We have formed close bonds with other families, whether for a season or for years. We have travelled for many tournaments including Phoenix AZ, Cincinnati, OH, Madison WI, Kansas City, MO. In each city we have tried to explore–enjoying hiking, a variety restaurants, shopping, and experiences from the St. Louis Arch to college visits.

The end of our family soccer era ended with suddenly, with an elbow to the nose and a 35-yard header that caused a horrible concussion. Not the way I expected us to end our soccer involvement, with trips to the ER, neurologist, physical therapy, and wondering whether Devon would even get to walk at graduation. Thankfully, she is on the mend but soccer days are over.

I doubt our kids can yet appreciate how much soccer positively impacted our family. It allowed us to spend many hours together, watching them grow, learning about themselves and other families’ dynamics, politics in organized sports.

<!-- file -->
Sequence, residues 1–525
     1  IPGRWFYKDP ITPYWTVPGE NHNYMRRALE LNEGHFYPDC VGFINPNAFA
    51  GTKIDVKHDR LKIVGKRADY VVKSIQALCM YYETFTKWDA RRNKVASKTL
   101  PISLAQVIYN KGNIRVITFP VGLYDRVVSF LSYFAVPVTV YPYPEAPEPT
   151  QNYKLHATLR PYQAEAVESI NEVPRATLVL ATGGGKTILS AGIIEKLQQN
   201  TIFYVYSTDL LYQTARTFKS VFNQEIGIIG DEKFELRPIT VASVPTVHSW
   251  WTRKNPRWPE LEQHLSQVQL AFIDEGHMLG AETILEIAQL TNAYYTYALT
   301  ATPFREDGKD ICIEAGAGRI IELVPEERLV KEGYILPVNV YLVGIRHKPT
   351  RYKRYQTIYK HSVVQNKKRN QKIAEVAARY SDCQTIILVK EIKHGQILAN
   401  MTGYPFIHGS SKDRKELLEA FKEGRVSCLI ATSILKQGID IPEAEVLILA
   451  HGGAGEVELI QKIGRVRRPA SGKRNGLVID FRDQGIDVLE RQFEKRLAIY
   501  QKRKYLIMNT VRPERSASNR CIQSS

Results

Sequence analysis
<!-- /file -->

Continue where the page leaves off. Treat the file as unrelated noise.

In hindsight, I am so grateful for almost every game I watched—even the bitter cold and snow games brings laughter and memories now. So whatever sport or activity your child embraces,  join their journey. Watch them grow.  And know this time will end.  Quicker than you expect.

C

Parents and Sideline Screaming

Overheard in 2 recent sophomore high school basketball games–

As an opposing team playing was being almost forced out of bounds by two of our defenders:

 Male Fan—he’s being molested out there.

Female Fan, who had been yelling non-stop the entire game, retorted—and the problem with that is?

Male Fan, after long pause—It’s not a female.

My reply, out loud, to the two—REALLYYY??? Major head shake. I couldn’t respond directly to the man, since I didn’t know exactly which DAD behind me said it. THAT is the lesson you are teaching your son? Appalling.

This weekend, we were at the end of an extremely close tournament championship game vs. a local private school:

The refs made a mistake with 5 seconds left, which had the other parents in an uproar. Then with 1 second left, the opposition threw the ball in, and one player for each team ended up on the floor.